Bargo v. Porter County Indiana et al, No. 2:2016cv00177 - Document 38 (N.D. Ind. 2017)

Court Description: OPINION AND ORDER: Pursuant to Rule 17(a)(3) the Court allows time for the trustee to have the bankruptcy case re-opened and to ratify, join, or be substituted into this lawsuit, or for Mr. Bargo to take action (if possible) to enable him to pursue these claims himself. The Court directs the Clerk of Court to terminate the motions to dismiss (DEs 21 and 30 ). If by 9/20/2017 the trustee has not taken any relevant action regarding this lawsuit and Mr. Bargo has not taken any action enabling him to pursue these claims himself, the Court will dismiss this case as to all Defendants without further notice. If by 9/20/2017 the trustee has taken relevant action or if Mr. Bargo has taken action enabling him to pursue these claims himself, th en the Defendants may move for dismissal as set forth in the Opinion and Order. Signed by Judge Joseph S Van Bokkelen on 7/19/17. (cc: Bargo, bankruptcy trustee Michael K. Desmond at 10 South LaSalle, Suite 3600, Chicago, Illinois 60603 and at mdesmond@fslegal.com)(jld)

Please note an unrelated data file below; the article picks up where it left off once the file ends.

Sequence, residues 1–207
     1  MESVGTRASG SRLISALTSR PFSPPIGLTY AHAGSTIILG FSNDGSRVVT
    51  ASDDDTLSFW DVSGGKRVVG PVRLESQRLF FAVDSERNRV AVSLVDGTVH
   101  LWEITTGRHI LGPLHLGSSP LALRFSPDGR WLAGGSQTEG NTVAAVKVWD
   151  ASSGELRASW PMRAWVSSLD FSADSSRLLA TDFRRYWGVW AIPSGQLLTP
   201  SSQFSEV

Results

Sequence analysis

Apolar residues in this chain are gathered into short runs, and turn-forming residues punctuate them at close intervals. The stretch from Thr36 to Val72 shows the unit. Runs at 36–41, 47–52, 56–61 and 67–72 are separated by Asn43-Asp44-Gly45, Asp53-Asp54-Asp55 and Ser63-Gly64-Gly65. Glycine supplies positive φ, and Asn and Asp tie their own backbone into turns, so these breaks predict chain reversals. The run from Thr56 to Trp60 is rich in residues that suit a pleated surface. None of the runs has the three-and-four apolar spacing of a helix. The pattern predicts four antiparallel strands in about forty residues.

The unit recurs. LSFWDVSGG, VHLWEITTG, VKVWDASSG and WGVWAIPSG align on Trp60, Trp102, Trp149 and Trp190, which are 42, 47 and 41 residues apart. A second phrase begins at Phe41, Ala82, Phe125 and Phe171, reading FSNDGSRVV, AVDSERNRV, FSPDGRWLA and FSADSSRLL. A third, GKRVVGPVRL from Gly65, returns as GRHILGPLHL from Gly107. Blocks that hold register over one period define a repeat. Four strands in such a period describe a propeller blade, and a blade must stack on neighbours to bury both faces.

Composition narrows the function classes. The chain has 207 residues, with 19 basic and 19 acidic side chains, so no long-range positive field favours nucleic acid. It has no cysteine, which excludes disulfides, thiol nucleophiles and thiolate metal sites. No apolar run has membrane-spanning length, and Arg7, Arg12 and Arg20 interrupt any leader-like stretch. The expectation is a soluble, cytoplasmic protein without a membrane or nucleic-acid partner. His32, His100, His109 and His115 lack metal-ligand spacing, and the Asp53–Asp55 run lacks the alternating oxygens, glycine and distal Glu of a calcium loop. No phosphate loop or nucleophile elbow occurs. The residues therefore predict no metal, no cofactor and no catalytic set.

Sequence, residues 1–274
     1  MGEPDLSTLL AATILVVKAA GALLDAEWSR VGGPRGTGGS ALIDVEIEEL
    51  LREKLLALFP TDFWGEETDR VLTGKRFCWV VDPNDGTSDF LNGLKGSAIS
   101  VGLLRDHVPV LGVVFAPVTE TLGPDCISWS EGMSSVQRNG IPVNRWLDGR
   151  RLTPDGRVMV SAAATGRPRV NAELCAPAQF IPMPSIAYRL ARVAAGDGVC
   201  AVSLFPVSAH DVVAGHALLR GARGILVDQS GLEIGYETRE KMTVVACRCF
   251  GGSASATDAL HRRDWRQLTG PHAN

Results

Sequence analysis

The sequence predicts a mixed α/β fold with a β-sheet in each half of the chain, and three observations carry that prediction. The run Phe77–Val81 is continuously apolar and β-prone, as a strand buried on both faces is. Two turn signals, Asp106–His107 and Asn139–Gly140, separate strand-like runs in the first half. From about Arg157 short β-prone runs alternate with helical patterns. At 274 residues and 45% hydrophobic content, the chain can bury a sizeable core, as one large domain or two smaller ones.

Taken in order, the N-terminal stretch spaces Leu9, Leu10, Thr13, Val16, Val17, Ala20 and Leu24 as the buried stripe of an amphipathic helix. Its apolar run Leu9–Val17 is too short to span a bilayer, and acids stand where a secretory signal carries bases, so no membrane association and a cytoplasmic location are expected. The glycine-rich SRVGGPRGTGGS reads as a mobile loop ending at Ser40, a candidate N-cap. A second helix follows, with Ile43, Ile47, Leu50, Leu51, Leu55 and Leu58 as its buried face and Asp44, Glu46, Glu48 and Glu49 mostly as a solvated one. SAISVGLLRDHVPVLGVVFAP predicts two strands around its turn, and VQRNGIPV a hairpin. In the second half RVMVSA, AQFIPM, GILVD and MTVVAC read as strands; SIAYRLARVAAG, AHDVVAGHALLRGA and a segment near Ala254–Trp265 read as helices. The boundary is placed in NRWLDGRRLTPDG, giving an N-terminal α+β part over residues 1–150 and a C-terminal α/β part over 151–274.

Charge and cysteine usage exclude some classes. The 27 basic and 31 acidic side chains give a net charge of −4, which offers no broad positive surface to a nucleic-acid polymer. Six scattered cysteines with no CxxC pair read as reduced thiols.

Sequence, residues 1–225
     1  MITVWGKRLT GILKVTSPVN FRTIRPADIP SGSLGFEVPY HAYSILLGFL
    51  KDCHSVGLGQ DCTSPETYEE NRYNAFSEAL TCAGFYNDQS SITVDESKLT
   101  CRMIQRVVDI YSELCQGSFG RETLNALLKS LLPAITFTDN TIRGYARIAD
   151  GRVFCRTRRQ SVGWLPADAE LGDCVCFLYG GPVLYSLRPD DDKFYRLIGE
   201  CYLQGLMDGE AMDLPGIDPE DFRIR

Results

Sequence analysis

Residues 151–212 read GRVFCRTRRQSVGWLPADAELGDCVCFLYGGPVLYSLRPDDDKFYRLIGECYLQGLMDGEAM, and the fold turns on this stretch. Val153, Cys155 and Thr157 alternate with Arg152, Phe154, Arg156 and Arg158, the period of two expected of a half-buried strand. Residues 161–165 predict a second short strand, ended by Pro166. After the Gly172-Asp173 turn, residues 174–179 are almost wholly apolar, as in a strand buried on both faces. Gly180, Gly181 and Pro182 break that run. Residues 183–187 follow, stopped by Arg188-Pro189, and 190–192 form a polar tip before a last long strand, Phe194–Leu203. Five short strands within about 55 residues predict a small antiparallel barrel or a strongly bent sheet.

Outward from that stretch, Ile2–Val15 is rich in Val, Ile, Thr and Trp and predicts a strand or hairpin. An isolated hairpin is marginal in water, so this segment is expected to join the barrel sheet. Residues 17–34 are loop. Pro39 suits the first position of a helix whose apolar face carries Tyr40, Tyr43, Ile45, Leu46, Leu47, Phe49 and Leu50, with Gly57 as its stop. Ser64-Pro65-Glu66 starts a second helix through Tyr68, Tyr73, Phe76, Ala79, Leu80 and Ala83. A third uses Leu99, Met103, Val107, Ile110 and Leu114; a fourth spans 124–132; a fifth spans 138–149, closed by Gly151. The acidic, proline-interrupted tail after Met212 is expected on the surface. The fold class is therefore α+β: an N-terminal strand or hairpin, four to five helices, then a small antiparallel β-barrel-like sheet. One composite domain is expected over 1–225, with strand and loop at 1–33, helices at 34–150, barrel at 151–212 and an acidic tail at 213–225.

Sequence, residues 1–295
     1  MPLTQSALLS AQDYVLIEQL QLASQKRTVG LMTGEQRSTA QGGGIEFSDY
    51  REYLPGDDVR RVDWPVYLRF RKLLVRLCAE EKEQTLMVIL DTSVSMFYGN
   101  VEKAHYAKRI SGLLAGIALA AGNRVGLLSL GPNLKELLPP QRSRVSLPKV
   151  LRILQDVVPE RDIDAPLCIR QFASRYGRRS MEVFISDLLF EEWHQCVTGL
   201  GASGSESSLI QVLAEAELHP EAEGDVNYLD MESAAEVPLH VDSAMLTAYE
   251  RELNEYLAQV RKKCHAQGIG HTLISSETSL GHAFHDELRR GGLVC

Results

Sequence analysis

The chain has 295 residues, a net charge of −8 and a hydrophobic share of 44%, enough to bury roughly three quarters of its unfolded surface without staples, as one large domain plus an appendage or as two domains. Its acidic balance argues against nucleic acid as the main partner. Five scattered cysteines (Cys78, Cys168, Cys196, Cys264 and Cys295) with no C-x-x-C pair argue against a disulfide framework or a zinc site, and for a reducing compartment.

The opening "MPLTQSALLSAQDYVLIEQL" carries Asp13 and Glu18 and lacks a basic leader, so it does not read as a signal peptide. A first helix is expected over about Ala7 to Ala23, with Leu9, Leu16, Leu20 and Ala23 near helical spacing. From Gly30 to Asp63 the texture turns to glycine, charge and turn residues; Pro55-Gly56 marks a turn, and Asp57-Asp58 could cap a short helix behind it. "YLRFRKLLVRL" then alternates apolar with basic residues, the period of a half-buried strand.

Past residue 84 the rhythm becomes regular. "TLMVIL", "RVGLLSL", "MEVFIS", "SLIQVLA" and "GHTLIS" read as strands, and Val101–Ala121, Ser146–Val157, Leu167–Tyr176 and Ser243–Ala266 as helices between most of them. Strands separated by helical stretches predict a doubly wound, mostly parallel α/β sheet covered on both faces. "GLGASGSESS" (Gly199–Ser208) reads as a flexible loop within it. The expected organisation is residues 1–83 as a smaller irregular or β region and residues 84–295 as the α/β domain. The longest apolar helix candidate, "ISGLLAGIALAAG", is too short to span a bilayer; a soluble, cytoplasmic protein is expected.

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Bargo v. Porter County Indiana et al Doc. 38 UNITED STATES DISTRICT COURT NORTHERN DISTRICT OF INDIANA HAMMOND DIVISION MICHAEL E. BARGO, JR., Plaintiff, v. Case No.: 2:16-CV-177-JVB-JEM PORTER COUNTY INDIANA, et al. Defendants. OPINION AND ORDER Plaintiff claims various officers of Porter County, Indiana, including two judges, conspired to deprive him of real property. Defendants moved for dismissal on various grounds, including Plaintiff’s lack of standing due to his bankruptcy. I. Plaintiff’s complaint On May 19, 2016, Mr. Bargo sued officers of Porter County, Indiana, for a conspiracy to deprive him of real property. In Count 1, Mr. Bargo claims he made payments in 2011 and 2012 which were not properly credited toward his property tax bill. The Porter County Treasurer then notified him it would sell his property because he had not paid his property taxes. He objected. But Defendant Judge Harper did not grant him relief at a tax sale hearing on October 11, 2013. In Count 2, Mr. Bargo claims he sued the Porter County Treasurer in small claims court on July 2, 2014. Mr. Bargo claims some Defendants mishandled his small claims case, and violated his rights. Dockets.Justia.com In Count 3, Mr. Bargo claims various Defendants denied him access to certain documents, denied him an opportunity to make payments, and gave him fraudulent property tax bills. Mr. Bargo claims Defendant Martin falsified the docket in one of his cases. Mr. Bargo further claims she and Defendant Judge Chidester violated Indiana’s record retention rules when they removed three pleadings from the record of one the cases, and returned them to Mr. Bargo on September 19, 2014. Mr. Bargo also claims Defendants engaged in other acts in furtherance of the conspiracy. II. Plaintiff’s bankruptcy On October 28, 2015, Mr. Bargo petitioned for Chapter 7 bankruptcy. In the schedule of assets, Mr. Bargo did not disclose the claims he now alleges had already accrued. The bankruptcy court issued an order of discharge on February 17, 2016, and closed the bankruptcy case on October 3, 2016. III. Motions to dismiss Defendants Porter County, Urbanik, Knight, Martin, and Clancy move for dismissal on many grounds, including the argument that Mr. Bargo lacks standing because he filed for Chapter 7 bankruptcy on October 28, 2015. It is obviously appropriate to examine whether a plaintiff has standing to bring claims before determining the merits of those claims. See Muhammad v. Aurora Loan Servs., No. 13-CV-1915, 2015 WL 1538409, at *3 (N.D. Ill. Mar. 31, 2015). These Defendants do not explicitly distinguish between constitutional, statutory, or prudential standing. The Court may fairly construe the motion as pursuing all three arguments. 2 Defendants Harper and Chidester also move for dismissal, but don’t mention standing. Nevertheless, analysis of Plaintiff’s standing is proper even sua sponte. G & S Holdings v. Cont’l Cas. Co., 697 F.3d 534, 540 (7th Cir. 2012). Besides, the other Defendants did raise standing, and Mr. Bargo responded to this issue. Therefore, the Court will address Mr. Bargo’s standing to bring this lawsuit as the issue pertains to all Defendants. IV. Legal standards Pursuant to Rule 12(b)(1), a defendant may move for dismissal of a claim for lack of subject matter jurisdiction. Fed. R. Civ. P. 12(b)(1). When considering a Rule 12(b)(1) motion, a court accepts as true all well-pleaded factual allegations and draws all reasonable inferences in favor of the plaintiff. Alicea-Hernandez v. Catholic Bishop of Chi., 320 F.3d 698, 701 (7th Cir. 2003). But the plaintiff bears the burden of proving satisfaction of the jurisdictional requirements. Ctr. for Dermatology & Skin Cancer Ltd. v. Burwell, 770 F.3d 586, 588 (7th Cir. 2014). “The court may look beyond the jurisdictional allegations of the complaint and view whatever evidence has been submitted on the issue to determine whether in fact subject matter jurisdiction exists.” Alicea-Hernandez, 320 F.3d at 701. Pursuant to Rule 12(b)(6), a defendant may move for dismissal for failure to state a claim. Fed. R. Civ. P. 12(b)(6). The purpose of a motion to dismiss pursuant to Rule 12(b)(6) for failure to state a claim is to test the sufficiency of the pleadings, not to decide the merits of the case. See Gibson v. Chi., 910 F.2d 1510, 1520 (7th Cir. 1990). Rule 8(a)(2) provides that a complaint must contain “a short and plain statement of the claim showing that the pleader is 3 entitled to relief.” However, “recitals of the elements of a cause of action, supported by mere conclusory statements, do not suffice.” Ashcroft v. Iqbal, 556 U.S. 662, 678 (2009) (citing Bell Atl. Corp v. Twombly, 550 U.S. 544, 555 (2007)).1 As the Supreme Court stated, “the tenet that a court must accept as true all of the allegations contained in a complaint is inapplicable to legal conclusions.” Id. Rather, “a complaint must contain sufficient factual matter, accepted as true, to ‘state a claim to relief that is plausible on its face.’” Id. at 678 (quoting Twombly, 550 U.S. at 570). A complaint is facially plausible if a court can reasonably infer from factual content in the pleading that the defendant is liable for the alleged wrongdoing. Id. (citing Twombly, 550 U.S. at 556). The Seventh Circuit synthesized the standard into three requirements. See Brooks v. Ross, 578 F.3d 574, 581 (7th Cir. 2009). “First, a plaintiff must provide notice to defendants of her claims. Second, courts must accept a plaintiff’s factual allegations as true, but some factual allegations will be so sketchy or implausible that they fail to provide sufficient notice to defendants of the plaintiff’s claim. Third, in considering the plaintiff’s factual allegations, courts should not accept as adequate abstract recitations of the elements of a cause of action or conclusory legal statements.” Id. Plaintiff bears the burden of establishing standing. Reid L. v. Ill. State Bd. of Educ., 358 F.3d 511, 515 (7th Cir. 2004). Constitutional standing requires a plaintiff to allege that (1) he 1 In Twombly, the Supreme Court “retooled federal pleading standards, retiring the oft-quoted [Conley v. Gibson, 355 U.S. 42, 47 (1957)] formulation that a pleading ‘should not be dismissed for failure to state a claim unless it appears beyond doubt that the [pleader] can prove no set of facts in support of his claim which would entitle him to relief.’” Killingsworth v. HSBC Bank Nevada, N.A., 507 F.3d 614, 618 (7th Cir. 2007). 4 suffered an injury that is concrete and particularized, and actual or imminent; (2) the injury is fairly traceable to the challenged action of the defendant; and (3) it is likely that a favorable decision will redress the injury. Berger v. Nat’l Collegiate Athletic Ass’n, 843 F.3d 285, 289 (7th Cir. 2016). Plaintiff bears the burden of proof even if the species of standing is classified as “statutory” or “prudential.” See Sterk v. Best Buy Stores, No. 11-C-1894, 2012 WL 5197901, at *5 (N.D. Ill. Oct. 17, 2012) (statutory standing); see also Johnson v. Bankers Life and Cas. Co., No. 13-CV-144, 2014 WL 4494284, at *5 (W.D. Wisc. Sept. 12, 2014) (prudential standing). V. Analysis Without standing, a plaintiff cannot bring or maintain a lawsuit. The issue of standing concerns whether a plaintiff “is entitled to have the court decide the merits of the dispute or of particular issues.” Warth v. Seldin, 422 U.S. 490, 498 (1975). Plaintiff bears the burden of proving standing. At this procedural posture, the Court construes the complaint in the light most favorable to Mr. Bargo, accepting all well-pleaded allegations as true and construing all reasonable inferences in his favor. Neither Defendants nor Plaintiff explicitly distinguish between constitutional, statutory, or prudential standing. Indeed, the Supreme Court in a different context recently questioned the utility of the labels “statutory standing” and “prudential standing,” and described them as misleading. Lexmark Intern. v. Static Control Components, 134 S.Ct. 1377, 1386, 1387–88 n.4 (2014). The validity and parameters of the prudential standing and statutory standing doctrines remain open questions in various contexts. See Bank of Am. Corp. v. City of Miami, Fla., 137 5 S.Ct. 1296, 1302–03 (2017); In re GT Automation Grp., Inc., 828 F.3d 602, 605 n.1 (7th Cir. 2016); United States v. Funds in the Amount of $239,400, 795 F.3d 639, 645 (7th Cir. 2015). For present purposes, it suffices to hold: 1) Pursuant to the bankruptcy code, Mr. Bargo’s claims became part of the bankruptcy estate when he filed for Chapter 7 relief; 2) 3) The bankruptcy trustee never abandoned these claims; and, therefore, 4) (1) Only the bankruptcy trustee has standing to prosecute these claims; Under Rule 17, Mr. Bargo is not the real party in interest. Bankruptcy estate With exceptions inapplicable here, all property belonging to a debtor—including all legal claims—becomes part of the bankruptcy estate once the debtor files a bankruptcy petition. 11 U.S.C. § 541(a). A legal claim arising from events that occurred before a debtor files for bankruptcy is included in the bankruptcy estate. United States v. Whiting Pools, Inc., 103 S.Ct. 2309, 2313 n.9 (1983); Cannon-Stokes v. Potter, 453 F.3d 446, 448 (7th Cir. 2006). Mr. Bargo’s claims accrued before he filed for bankruptcy.1 1 With the few exceptions noted here, Plaintiff’s complaint only references dates before October 28, 2015, when he filed for bankruptcy. In paragraph 38 of the complaint, Mr. Bargo claims the “conspiracy was also perpetuated by denying Plaintiff official Court Documents he requested by APRA (Indiana Access to Public Records Act) requests filed in 2015 through 2016 as noted in APPENDICES G, H.” (Compl., DE 1 at 15.) But neither appendix G nor H reference or seem to involve dates after October 28, 2015. In paragraph 50 of the complaint, Mr. Bargo claims “Clerk Martin continued the conspiracy until January 27, 2016 by once again alleging that the ruling to Dismiss his claim on September 15, 2014 was lawful and in compliance with all applicable Indiana Court Rules.” (Id. at 19.) But the alleged denial on January 27, 2016, does not delay the accrual of any cause of action stemming from the dismissal on September 15, 2014. Besides, on January 27, 2016, Mr. Bargo’s bankruptcy was still pending. Yet by the time it closed on October 3, 2016, he still hadn’t scheduled these claims. In sum, all the claims raised by Mr. 6 Therefore, Mr. Bargo’s claims became the property of the bankruptcy estate. The Court takes judicial notice of the filings in Mr. Bargo’s bankruptcy case: Northern District of Illinois bankruptcy petition # 15-36611. Defendants attached some of these bankruptcy filings to their briefing in this case. These bankruptcy filings, and the rest of Mr. Bargo’s bankruptcy filings, are matters of public record. A district court may take judicial notice of matters of public record without converting a motion to dismiss into a motion for summary judgment. Henson v. CSC Credit Servs., 29 F.3d 280, 284 (7th Cir. 1994). Mr. Bargo marshals two arguments in favor of his standing. Both arguments contest the scope of the bankruptcy estate. First, he argues that the residence—the real property involved in his complaint—never became part of the bankruptcy estate because he did not own the residence when he filed for bankruptcy in October 2015. But this argument is unavailing. The issue is not whether the residence belonged to the bankruptcy estate. The issue is whether Mr. Bargo’s claims (regarding the residence or otherwise) accrued before he filed for bankruptcy, in which case the claims became part of the bankruptcy estate. They did, so they did. Second, he argues that his complaint is a § 1983 civil rights complaint, and that since Defendants violated his civil rights, and not the trustee’s civil rights, he has standing, not the trustee. Mr. Bargo cites no support for this proposition. To the contrary, courts have routinely held that a pre-petition civil rights claim becomes part of a bankruptcy estate upon petitioning for bankruptcy. See, e.g., Kleven v. Walgreen Co., 373 Fed. Appx. 608, 611 (7th Cir. 2010); Phillips v. EEOC, No. 3:15-CV-565, 2016 WL 8719050, at *6 (N.D. Ind. Sept. 9, 2016); Burruss v. Cook Bargo in his complaint became part of the bankruptcy estate, even without a “sufficiently rooted” analysis. See Segal v. Rochelle, 382 U.S. 375, 380 (1966). 7 Cty. Sheriff’s Office, No. 8-C-6621, 2013 WL 3754006, at *14 (N.D. Ill. July 15, 2013); Cowling v. Rolls Royce Corp., No. 1:11-CV-1719, 2012 WL 4762143, at *5 (S.D. Ind. Oct. 5, 2012); Lujano v. Town of Cicero, No. 7-C-4822, 2012 WL 4499326, at *5 (N.D. Ill. Sept. 28, 2012). So this argument fails as well. (2) Trustee’s standing Only the bankruptcy trustee has standing to prosecute Mr. Bargo’s claims, because they became part of the bankruptcy estate. Cable v. Ivy Tech State Coll., 200 F.3d 467, 472 (7th Cir. 1999) (“In liquidation proceedings, only the trustee has standing to prosecute or defend a claim belonging to the estate.”), overruled on other grounds by Hill v. Tangherlini, 724 F.3d 965, 967 n.1 (7th Cir. 2013). (3) Abandonment Generally, the only way a debtor can assert a pre-petition claim in his own name is if the trustee abandons the claim, in which case title to the claim reverts to the debtor as if he always held it and as if the bankruptcy never occurred. See Matthews v. Potter, 316 Fed. Appx. 518, 521–22 (7th Cir. 2009). By statute, the trustee can abandon property of the estate three ways. One, the trustee can abandon property that is burdensome or of inconsequential value and benefit to the estate after notice and a hearing. 11 U.S.C. § 554(a). No such notice or hearing happened here. 8 Two, the court can order the trustee to abandon property that is burdensome or of inconsequential value and benefit to the estate after notice and a hearing. 11 U.S.C. § 554(b). No court entered such an order here. Three, “any property scheduled under section 521(a)(1) . . . not otherwise administered at the time of the closing of a case is abandoned to the debtor . . . .” 11 U.S.C. § 554(c) (emphasis added). But Mr. Bargo never scheduled the claims in his bankruptcy filings. Indeed, he explicitly denied having such claims by checking “NONE” next to “Other contingent and unliquidated claims of every nature . . . .” on Schedule B. (Schedule B, DE 22-1 at 10.) The trustee did not abandon claims he never knew about. The abandonment requirements are “exacting” because they are designed to ensure that creditors can benefit from all available property. Morlan v. Universal Guar. Life Ins. Co., 298 F.3d 609, 618 (7th Cir. 2002). A trustee cannot abandon assets not scheduled. See In re Green, 42 Fed. Appx. 815, 820 (7th Cir. 2002). Without satisfaction of the statutory requirements for abandonment, assets remain in the Chapter 7 estate permanently, even after the debtor receives discharge: “Unless the court orders otherwise, property of the estate that is not abandoned under this section and that is not administered in the case remains property of the estate.” 11 U.S.C. § 554(d). Here, the trustee did not abandon the claims. No one pursued or satisfied any of the statutory means of abandonment. Therefore, the claims remain part of the bankruptcy estate. (4) Rule 17 Federal Rule of Civil Procedure 17 provides: “An action must be prosecuted in the name of the real party in interest.” Fed. R. Civ. P. 17(a)(1). 9 Because the subject claims are property of the bankruptcy estate, Mr. Bargo is not the real party in interest under Rule 17. Rather, the bankruptcy trustee is the real party in interest, and only he can bring these claims. Cable, 200 F.3d at 472. (5) The Cure Mr. Bargo cannot go forward with this case as is. The question becomes whether to dismiss this case or to allow the trustee an opportunity to do something. Rule 17(a)(3) forbids hasty dismissals for failure to prosecute in the name of the real party in interest: The court may not dismiss an action for failure to prosecute in the name of the real party in interest until, after an objection, a reasonable time has been allowed for the real party in interest to ratify, join, or be substituted into the action. After ratification, joinder, or substitution, the action proceeds as if it had been originally commenced by the real party in interest. Fed. R. Civ. P. 17(a)(3). But courts have not applied this provision every time the wrong party files a lawsuit. See 6A Charles Alan Wright, Arthur R. Miller & Mary Kay Kane, Federal Practice & Procedure § 1555 at 570–71 (3d ed. 2010). The provision does not apply when “the determination of the right party to bring the action was not difficult and when no excusable mistake had been made.” Id. at 571; see also Metalworking Lubricants Co. v. U.S. Fire Ins. Co., 460 F. Supp. 2d 897, 902 (S.D. Ind. 2006). In such a case, simple dismissal would not be hasty, and would not offend Rule 17(a)(3). There are non-binding examples of courts simply dismissing cases in circumstances similar to those here. One court observed that the law clearly forbids a Chapter 7 debtor from 10 pursuing pre-petition legal claims, and so held Rule 17(a)(3) to be irrelevant and no bar to dismissal. In re Peregrin, No. 12-B-26800, 2012 WL 5939266, at *5 (Bankr. N.D. Ill. Nov. 28, 2012); see also Putzier v. Ace Hardware Corp., No. 13-C-2849, 2016 WL 1337295, at *9 (N.D. Ill. Mar. 30, 2016); Van Sickle v. Fifth Third Bancorp, No. 12-11837, 2012 WL 3230430, at *3 (E.D. Mich. Aug. 2, 2012). There are also non-binding examples of courts in similar circumstances allowing bankruptcy trustees reasonable time to ratify, join, or be substituted as parties, before potential dismissal. See, e.g., Sparks v. Norfolk S. Ry. Co., No. 2:14-CV-40, 2016 WL 5394459, at *1 (N.D. Ind. Sept. 27, 2016); Muhammad, 2015 WL 1538409, at *6. VI. Conclusion Mr. Bargo lacks standing to maintain this case. He is not the real party in interest. The Court also notes Defendants raise many other arguments for dismissal. In an abundance of caution, pursuant to Rule 17(a)(3), the Court allows a reasonable time for the trustee to have the bankruptcy case re-opened and to ratify, join, or be substituted into this lawsuit, or for Mr. Bargo to take action (if possible) to enable him to pursue these claims himself. The Court directs the Clerk of Court to terminate the motions to dismiss (DEs 21 and 30). If by September 20, 2017, the trustee has not taken any relevant action regarding this lawsuit and Mr. Bargo has not taken any action enabling him to pursue these claims himself, the Court will dismiss this case as to all Defendants, without further notice, and without the necessity of any further filings by the parties. 11 If by September 20, 2017, the trustee has taken relevant action regarding this lawsuit, or if Mr. Bargo has taken action enabling him to pursue these claims himself, then the Defendants may move for dismissal, incorporating their prior motions and adding any new grounds as appropriate, and the Court will rule on Defendants’ many other arguments for dismissal, as necessary. The Court directs the Clerk of the Court to send a copy of this order to bankruptcy trustee Michael K. Desmond at 10 South LaSalle, Suite 3600, Chicago, Illinois 60603 and at mdesmond@fslegal.com. SO ORDERED on July 19, 2017. s/ Joseph S. Van Bokkelen JOSEPH S. VAN BOKKELEN UNITED STATES DISTRICT JUDGE 12